Nestle means “to position comfortably” – but add a French accent to the “e” – Nestlé – and it becomes a Swiss milk-foods giant.
However, in Britain the brand name was always pronounced “nessles” – until the mid-Seventies, when suddenly the Milky Bar Kid jingle singers began pronouncing it in the French style.
And at the same time, Nestlé publically announced that while they had previously tolerated Britain’s mispronunciation of their name, in future it would be pronounced CORRECTLY.
But the gnomes of Zurich (actually, the twats of Vevey) did not reckon with the stoicism (or just plain lethargy) of the British, who continued pronouncing it as they had for decades.
Of course today, a couple of generations of Brits weened on post-70s Milky Bar ads (and possibly, Nestlé baby food) doubtless pronounce it Nestlé’s way.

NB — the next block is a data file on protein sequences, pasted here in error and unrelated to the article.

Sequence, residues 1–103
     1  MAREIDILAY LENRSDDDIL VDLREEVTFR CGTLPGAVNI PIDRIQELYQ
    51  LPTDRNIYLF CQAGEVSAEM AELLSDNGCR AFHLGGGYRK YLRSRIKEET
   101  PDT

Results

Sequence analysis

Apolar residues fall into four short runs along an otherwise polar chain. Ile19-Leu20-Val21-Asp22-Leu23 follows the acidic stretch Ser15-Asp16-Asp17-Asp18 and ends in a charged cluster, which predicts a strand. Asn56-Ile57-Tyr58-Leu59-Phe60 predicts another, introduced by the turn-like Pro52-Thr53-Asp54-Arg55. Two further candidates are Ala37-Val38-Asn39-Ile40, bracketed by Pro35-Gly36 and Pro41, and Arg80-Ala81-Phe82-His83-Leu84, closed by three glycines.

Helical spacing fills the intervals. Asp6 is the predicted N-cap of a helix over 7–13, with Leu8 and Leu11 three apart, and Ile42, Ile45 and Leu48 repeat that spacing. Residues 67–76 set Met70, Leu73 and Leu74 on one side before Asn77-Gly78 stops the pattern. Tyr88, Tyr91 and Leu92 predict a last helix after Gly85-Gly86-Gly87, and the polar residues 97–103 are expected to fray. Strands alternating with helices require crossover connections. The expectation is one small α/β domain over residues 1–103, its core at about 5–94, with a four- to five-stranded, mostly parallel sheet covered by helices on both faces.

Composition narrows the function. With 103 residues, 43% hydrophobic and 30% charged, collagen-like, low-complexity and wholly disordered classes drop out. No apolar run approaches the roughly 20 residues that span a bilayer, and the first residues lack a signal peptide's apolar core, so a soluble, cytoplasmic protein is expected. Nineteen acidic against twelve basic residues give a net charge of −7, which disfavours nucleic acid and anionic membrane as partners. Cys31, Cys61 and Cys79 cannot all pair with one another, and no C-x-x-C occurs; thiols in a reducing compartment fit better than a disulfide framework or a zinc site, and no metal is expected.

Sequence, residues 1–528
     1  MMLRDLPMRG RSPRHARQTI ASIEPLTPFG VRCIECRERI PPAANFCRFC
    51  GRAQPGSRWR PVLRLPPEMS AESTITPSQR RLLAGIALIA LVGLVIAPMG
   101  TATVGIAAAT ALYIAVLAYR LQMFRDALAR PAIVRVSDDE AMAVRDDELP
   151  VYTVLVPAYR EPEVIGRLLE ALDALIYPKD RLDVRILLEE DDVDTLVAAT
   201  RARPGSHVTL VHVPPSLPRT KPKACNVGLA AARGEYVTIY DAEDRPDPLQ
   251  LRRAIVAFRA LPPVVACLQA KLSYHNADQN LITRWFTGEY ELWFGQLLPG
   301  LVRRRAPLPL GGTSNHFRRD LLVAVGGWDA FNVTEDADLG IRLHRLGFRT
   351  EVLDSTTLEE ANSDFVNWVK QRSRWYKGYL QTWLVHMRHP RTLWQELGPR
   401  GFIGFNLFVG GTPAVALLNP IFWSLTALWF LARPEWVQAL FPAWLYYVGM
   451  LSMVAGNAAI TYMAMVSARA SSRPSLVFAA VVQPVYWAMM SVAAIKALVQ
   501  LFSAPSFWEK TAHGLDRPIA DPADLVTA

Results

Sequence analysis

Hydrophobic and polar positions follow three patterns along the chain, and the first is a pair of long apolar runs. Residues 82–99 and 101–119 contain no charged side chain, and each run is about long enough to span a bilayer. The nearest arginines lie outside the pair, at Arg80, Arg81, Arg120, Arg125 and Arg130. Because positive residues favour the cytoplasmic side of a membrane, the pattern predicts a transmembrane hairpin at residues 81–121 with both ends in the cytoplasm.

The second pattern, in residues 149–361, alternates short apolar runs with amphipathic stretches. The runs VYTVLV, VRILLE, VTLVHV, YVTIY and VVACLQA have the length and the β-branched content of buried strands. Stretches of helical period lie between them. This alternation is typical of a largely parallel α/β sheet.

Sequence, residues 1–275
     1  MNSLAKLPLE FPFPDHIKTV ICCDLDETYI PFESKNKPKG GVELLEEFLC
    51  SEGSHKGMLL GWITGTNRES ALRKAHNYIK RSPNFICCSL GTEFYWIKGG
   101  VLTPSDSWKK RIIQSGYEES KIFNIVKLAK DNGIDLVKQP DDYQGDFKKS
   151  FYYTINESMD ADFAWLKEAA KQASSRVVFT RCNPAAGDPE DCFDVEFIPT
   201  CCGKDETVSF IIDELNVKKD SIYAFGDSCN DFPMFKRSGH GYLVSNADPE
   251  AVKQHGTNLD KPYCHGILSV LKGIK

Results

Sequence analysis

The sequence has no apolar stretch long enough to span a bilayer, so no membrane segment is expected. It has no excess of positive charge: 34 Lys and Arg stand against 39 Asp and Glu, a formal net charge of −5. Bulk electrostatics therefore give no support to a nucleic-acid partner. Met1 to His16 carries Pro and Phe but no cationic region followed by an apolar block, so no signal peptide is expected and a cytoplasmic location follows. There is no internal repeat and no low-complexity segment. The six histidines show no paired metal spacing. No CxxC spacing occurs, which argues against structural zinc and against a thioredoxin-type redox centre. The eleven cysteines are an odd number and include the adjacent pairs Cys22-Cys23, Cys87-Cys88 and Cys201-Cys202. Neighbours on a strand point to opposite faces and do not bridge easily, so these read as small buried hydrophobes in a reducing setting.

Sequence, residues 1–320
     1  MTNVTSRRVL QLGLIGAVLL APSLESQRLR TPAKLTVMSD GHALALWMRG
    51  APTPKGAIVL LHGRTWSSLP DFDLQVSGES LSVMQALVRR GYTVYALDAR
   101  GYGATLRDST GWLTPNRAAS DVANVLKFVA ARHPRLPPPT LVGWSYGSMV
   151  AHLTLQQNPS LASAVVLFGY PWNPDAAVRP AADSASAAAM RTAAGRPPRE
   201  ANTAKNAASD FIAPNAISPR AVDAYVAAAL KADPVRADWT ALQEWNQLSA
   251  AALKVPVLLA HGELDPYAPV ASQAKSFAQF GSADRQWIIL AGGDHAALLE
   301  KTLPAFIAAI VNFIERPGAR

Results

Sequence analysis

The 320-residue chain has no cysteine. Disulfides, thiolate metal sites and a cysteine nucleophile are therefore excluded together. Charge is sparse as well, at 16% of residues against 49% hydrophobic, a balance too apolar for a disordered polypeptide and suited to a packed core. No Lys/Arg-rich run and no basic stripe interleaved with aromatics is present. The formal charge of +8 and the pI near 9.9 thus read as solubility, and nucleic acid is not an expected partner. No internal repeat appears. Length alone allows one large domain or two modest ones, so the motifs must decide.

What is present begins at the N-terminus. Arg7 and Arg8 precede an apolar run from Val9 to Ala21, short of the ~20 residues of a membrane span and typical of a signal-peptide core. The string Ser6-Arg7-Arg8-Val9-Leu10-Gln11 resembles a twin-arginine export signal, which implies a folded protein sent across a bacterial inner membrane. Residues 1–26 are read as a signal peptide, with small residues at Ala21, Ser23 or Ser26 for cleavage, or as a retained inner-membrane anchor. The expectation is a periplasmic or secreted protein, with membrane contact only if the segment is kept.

But to over-60s like m’self, it will ALWAYS remain “Nessles” – meaning victory for the towering Swiss arsehole who decided to impose his will over the British public is guaranteed to be POSTUMOUS.
Nevertheless, a stateside company (now admittedly defunct) went a BETTER way.
Pan American Airways began its history conventionally enough, by using the abbreviation P.A.A. – but the US public began calling it “Pan-Am” and the name stuck.
And UNLIKE Nestlés, Pan American Airways ADOPTED it.
Even when they became Pan American World Airways, they still used the familiar name and logo…
The company’s eventual demise was caused more by bad luck than bad management – and today, the classic name and logo has been tragically diminished.
Despite which, it still resonates with MILLIONS of people – unlike Nestlé.
Corporate PR prats, take note.